Mathematical difference between white and black notes in a piano

The division of the chromatic scale in 7 natural notes (white keys in a piano) and 5 accidental ones (black) seems a bit arbitrary to me.

Apparently, adjacent notes in a piano (including white or black) are always separated by a semitone. Why the distinction, then? Why not just have scales with 12 notes? (apparently there’s a musical scale called Swara that does just that)

I’ve asked several musician friends, but they lack the math skills to give me a valid answer. “Notes are like that because they are like that.”

I need some mathematician with musical knowledge (or a musician with mathematical knowledge) to help me out with this.

Mathematically, is there any difference between white and black notes, or do we make the distinction for historical reasons only?

Answer

The first thing you have to understand is that notes are not uniquely defined. Everything depends on what tuning you use. I’ll assume we’re talking about equal temperament here. In equal temperament, a half-step is the same as a frequency ratio of 122; that way, twelve half-steps makes up an octave. Why twelve?

At the end of the day, what we want out of our musical frequencies are nice ratios of small integers. For example, a perfect fifth is supposed to correspond to a frequency ratio of 3:2, or 1.5:1, but in equal temperament it doesn’t; instead, it corresponds to a ratio of 2712:11.498:1. As you can see, this is not a fifth; however, it is quite close.

Similarly, a perfect fourth is supposed to correspond to a frequency ratio of 4:3, or 1.333…:1, but in equal temperament it corresponds to a ratio of 2512:11.335:1. Again, this is not a perfect fourth, but is quite close.

And so on. What’s going on here is a massively convenient mathematical coincidence: several of the powers of 122 happen to be good approximations to ratios of small integers, and there are enough of these to play Western music.

Here’s how this coincidence works. You get the white keys from C using (part of) the circle of fifths. Start with C and go up a fifth to get G, then D, then A, then E, then B. Then go down a fifth to get F. These are the “neighbors” of C in the circle of fifths. You get the black keys from here using the rest of the circle of fifths. After you’ve gone up a “perfect” perfect fifth twelve times, you get a frequency ratio of 312:212129.7:1. This happens to be rather close to 27:1, or seven octaves! And if we replace 3:2 by 2712:1, then we get exactly seven octaves. In other words, the reason you can afford to identify these intervals is because 312 happens to be rather close to 219. Said another way,

log231912

happens to be a good rational approximation, and this is the main basis of equal temperament. (The other main coincidence here is that log254412; this is what allows us to squeeze major thirds into equal temperament as well.)

It is a fundamental fact of mathematics that log23 is irrational, so it is impossible for any kind of equal temperament to have “perfect” perfect fifths regardless of how many notes you use. However, you can write down good rational approximations by looking at the continued fraction of log23 and writing down convergents, and these will correspond to equal-tempered scales with more notes.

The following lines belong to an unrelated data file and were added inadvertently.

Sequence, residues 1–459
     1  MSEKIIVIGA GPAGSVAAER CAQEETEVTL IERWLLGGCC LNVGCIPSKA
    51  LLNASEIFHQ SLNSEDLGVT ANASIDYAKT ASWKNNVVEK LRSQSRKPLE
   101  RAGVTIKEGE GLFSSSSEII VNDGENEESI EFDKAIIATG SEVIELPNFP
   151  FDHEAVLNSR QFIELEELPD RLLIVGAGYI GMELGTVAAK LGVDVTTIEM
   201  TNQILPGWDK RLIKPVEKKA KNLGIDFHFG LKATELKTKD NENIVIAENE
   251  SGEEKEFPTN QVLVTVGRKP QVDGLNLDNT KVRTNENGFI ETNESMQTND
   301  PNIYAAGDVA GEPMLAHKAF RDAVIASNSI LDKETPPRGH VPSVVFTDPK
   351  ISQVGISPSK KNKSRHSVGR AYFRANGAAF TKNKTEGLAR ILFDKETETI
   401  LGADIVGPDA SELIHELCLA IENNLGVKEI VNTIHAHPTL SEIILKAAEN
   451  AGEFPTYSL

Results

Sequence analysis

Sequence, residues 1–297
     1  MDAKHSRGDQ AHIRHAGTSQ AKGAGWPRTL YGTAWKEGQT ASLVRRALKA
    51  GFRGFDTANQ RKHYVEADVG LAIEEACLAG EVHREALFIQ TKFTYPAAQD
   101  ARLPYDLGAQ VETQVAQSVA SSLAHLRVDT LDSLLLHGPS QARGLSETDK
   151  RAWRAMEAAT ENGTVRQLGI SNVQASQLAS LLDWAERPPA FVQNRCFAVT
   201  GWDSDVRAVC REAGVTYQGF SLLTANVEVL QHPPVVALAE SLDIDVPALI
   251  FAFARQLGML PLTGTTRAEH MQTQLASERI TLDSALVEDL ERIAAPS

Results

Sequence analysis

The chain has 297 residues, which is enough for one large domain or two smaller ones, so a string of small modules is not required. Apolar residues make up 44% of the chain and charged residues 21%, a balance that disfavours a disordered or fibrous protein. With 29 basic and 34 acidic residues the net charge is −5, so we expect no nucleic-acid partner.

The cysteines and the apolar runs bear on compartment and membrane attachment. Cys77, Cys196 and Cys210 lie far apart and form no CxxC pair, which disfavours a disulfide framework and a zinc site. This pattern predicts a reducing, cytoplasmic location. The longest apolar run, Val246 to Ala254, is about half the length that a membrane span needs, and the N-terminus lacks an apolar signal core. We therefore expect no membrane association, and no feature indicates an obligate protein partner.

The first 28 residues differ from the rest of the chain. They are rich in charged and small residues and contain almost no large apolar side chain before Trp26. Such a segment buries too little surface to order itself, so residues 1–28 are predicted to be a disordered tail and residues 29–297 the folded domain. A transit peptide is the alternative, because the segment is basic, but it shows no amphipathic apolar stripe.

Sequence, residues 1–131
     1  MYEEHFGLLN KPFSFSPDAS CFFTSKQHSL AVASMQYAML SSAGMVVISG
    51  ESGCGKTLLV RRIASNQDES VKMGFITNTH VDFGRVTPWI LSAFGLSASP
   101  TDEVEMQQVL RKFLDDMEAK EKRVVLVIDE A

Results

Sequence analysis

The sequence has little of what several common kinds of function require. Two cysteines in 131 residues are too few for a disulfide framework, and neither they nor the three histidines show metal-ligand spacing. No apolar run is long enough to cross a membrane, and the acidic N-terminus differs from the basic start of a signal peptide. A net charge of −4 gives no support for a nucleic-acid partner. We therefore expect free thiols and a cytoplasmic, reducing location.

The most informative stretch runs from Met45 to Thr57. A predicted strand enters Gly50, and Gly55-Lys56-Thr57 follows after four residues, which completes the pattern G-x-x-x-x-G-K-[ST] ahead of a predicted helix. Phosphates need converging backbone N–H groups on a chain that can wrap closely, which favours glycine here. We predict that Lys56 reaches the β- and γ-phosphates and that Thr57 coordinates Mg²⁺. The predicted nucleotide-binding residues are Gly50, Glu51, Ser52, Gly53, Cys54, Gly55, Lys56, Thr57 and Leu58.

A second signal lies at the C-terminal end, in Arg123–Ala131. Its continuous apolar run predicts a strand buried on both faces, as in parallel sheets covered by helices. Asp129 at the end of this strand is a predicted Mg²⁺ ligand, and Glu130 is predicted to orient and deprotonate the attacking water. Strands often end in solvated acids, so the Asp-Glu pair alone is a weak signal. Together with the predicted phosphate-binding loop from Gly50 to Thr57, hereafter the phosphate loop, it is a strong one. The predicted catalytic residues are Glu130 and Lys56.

Of course, you can use other types of temperament, such as well temperament; if you stick to 12 notes (which not everybody does!), you will be forced to make some intervals sound better and some intervals sound worse. In particular, if you don’t use equal temperament then different keys sound different. This is a major reason many Western composers composed in different keys; during their time, this actually made a difference. As a result when you’re playing certain sufficiently old pieces you aren’t actually playing them as they were intended to be heard – you’re using the wrong tuning.


Edit: I suppose it is also good to say something about why we care about frequency ratios which are ratios of small integers. This has to do with the physics of sound, and I’m not particularly knowledgeable here, but this is my understanding of the situation.

You probably know that sound is a wave. More precisely, sound is a longitudinal wave carried by air molecules. You might think that there is a simple equation for the sound created by a single note, perhaps sin2πft if the corresponding tone has frequency f. Actually this only occurs for tones which are produced electronically; any tone you produce in nature carries with it overtones and has a Fourier series

(ansin2πnft+bncos2πnft)

where the coefficients an,bn determine the timbre of the sound; this is why different instruments sound different even when they play the same notes, and has to do with the physics of vibration, which I don’t understand too well. So any tone which you hear at frequency f almost certainly also has components at frequency 2f,3f,4f,....

If you play two notes of frequencies f,f together, then the resulting sound corresponds to what you get when you add their Fourier series. Now it’s not hard to see that if ff is a ratio of small integers, then many (but not all) of the overtones will match in frequency with each other; the result sounds a more complex note with certain overtones. Otherwise, you get dissonance as you hear both types of overtones simultaneously and their frequencies will be similar, but not similar enough.


Edit: You should probably check out David Benson’s “Music: A Mathematical Offering”, the book Rahul Narain recommended in the comments for the full story. There was a lot I didn’t know, and I’m only in the introduction!

Attribution
Source : Link , Question Author : egarcia , Answer Author : Christian Chapman

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